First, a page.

Monday Mashup Blog #8 - 'Fake news', Facebook Video Advertising and Snapchat Updates
Happy Blue Monday everyone! Today has been labelled the ‘most depressing day of the year’, how grim? We’re fully back into the swing of things at Sunshine Communications after Christmas break and have been watching the recent social media news closely. To brighten up your Blue Monday have a read of our round up of social media news this week:
Facebook have just announced that they will roll out new identification tools to try and combat ‘fake news’. Facebook will be rolling out fake news tools in Germany, a country where the company is currently facing two lawsuits.
Fake news has been extremely controversial recently, with claims it was responsible for swaying the outcome of the US Presidential election in November. In Germany it is feared that fake news may also be able to influence the parliamentary election this year.
The new feature will allow German users of the platform to ‘flag’ anything it sees as false which will then be passed to third-party fact-checkers. If the information is thought to be untrue, it will appear as ‘disputed’ in the users timeline. Facebook Germany will be looking to penalise publishers that deliberately try to mislead users.
This is an important step in the right direction for Facebook, and reassuring for users and publishers to see Facebook trying to combat the problem. It has been criticised however for not going far enough, for example many users could still view the content and not notice the ‘disputed’ label. I know myself when scrolling quickly through my timeline, sometimes it can just be the headlines that capture your attention and not the detail.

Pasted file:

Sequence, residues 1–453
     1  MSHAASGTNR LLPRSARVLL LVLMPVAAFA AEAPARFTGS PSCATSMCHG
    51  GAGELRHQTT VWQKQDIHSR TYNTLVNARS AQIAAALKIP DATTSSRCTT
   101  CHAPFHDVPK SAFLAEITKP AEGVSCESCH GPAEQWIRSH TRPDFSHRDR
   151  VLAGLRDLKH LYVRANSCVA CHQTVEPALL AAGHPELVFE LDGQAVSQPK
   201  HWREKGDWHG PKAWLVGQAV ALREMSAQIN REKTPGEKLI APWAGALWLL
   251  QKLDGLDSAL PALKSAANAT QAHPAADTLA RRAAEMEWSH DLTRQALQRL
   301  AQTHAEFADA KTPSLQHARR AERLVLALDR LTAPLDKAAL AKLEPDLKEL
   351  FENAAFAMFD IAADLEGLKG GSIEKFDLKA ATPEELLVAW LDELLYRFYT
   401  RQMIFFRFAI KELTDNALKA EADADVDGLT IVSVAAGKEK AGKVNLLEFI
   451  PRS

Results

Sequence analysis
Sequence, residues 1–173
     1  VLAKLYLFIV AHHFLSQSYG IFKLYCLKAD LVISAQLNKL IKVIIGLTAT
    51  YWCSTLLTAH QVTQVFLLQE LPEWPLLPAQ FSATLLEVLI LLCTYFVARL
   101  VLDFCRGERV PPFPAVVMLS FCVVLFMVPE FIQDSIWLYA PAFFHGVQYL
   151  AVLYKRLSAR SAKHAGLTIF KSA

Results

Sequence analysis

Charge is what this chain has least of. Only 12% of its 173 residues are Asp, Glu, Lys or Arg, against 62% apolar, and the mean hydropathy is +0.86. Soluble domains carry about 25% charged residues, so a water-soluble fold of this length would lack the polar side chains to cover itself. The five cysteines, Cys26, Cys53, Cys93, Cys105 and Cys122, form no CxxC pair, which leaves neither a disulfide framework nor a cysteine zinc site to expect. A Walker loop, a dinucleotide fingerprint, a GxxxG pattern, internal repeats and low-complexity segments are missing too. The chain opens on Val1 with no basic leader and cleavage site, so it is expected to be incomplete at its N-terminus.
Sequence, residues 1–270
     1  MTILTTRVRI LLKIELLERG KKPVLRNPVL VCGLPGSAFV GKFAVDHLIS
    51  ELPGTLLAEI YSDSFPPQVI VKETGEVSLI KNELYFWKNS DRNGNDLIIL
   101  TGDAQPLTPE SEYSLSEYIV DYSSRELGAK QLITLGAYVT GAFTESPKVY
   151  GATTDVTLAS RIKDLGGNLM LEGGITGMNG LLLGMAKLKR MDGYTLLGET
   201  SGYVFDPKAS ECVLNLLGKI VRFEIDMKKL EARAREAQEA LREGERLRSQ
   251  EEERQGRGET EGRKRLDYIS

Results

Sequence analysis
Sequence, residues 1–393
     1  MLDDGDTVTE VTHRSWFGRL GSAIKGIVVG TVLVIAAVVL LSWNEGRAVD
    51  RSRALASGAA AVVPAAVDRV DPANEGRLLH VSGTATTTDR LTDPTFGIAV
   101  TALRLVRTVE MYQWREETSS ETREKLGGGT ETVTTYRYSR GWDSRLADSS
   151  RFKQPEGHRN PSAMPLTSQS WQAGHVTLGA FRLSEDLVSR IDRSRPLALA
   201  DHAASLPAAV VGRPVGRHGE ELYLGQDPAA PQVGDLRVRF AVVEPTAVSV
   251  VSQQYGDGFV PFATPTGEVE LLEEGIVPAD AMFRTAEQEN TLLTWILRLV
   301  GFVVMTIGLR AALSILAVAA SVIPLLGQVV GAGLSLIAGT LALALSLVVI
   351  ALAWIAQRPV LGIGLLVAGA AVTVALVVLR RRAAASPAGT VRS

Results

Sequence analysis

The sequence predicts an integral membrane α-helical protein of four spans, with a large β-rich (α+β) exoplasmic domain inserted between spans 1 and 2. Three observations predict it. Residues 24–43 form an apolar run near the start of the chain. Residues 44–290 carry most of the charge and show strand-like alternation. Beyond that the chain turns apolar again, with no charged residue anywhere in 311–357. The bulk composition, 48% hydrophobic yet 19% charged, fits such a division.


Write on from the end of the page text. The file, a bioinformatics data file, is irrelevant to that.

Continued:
Facebook to launch ‘ads within videos’
Facebook advertising is just getting bigger and bigger, and won’t be slowing down anytime soon. In 2016, Facebook’s ad revenue was bigger than TV for the first time in the US.
Facebook are monetizing their huge video audience this week with new mid-roll advertisements. This move sees the social media giant beginning to really compete with YouTube for video views.
Facebook will offer advertisers the opportunity to place advertisements 20 seconds into a video, that can be played for up to 90 seconds. This differs from YouTube where ads are only placed at the beginning of the video and can be skipped after 5 seconds.
This is a similar approach to how Facebook offered advertisers with Facebook Live, and will now be trialling it with videos. Publishers will receive 55% of the revenue generated from these ads, which is the same as YouTube making them highly competitive.
Although we are excited about this change for advertisers, we worry it may somewhat detract from users experience on the platform. Facebook will allow for mid-roll ads to be 90 seconds in length and the user is required to view at least 20 seconds. Users could become irritated with this and completely turn away from viewing videos on Facebook.
Snapchat launches universal search feature
A major downfall of Snapchat has always been how difficult it is to find new friends and groups on the app. Snapchat has now simplified the process with a universal search bar that will always be accessible at the top of the app.
This a welcome addition, with the “Quick Chat” feature now making it easier to contact a friend and access the message thread. Advertisers have previously turned to Instagram rather than Snapchat because of the typically larger audiences users have and the simplicity to use.
This change could mean that businesses, brands and influencers now find it easier to build their audiences on the network. It is also speculated that Snapchat will offer brands the opportunity to pay to come first in the ‘search’ function. Whether this would detract from user experience is yet to be seen.
With Instagram stories now totalling 150 million users – the same as Snapchat, it is crucial for Snapchat to continue to keep things interesting and fun. This change is an important step in the right direction to ensure users aren’t just viewing the same stale Snapchat stories from the same group of contacts every day.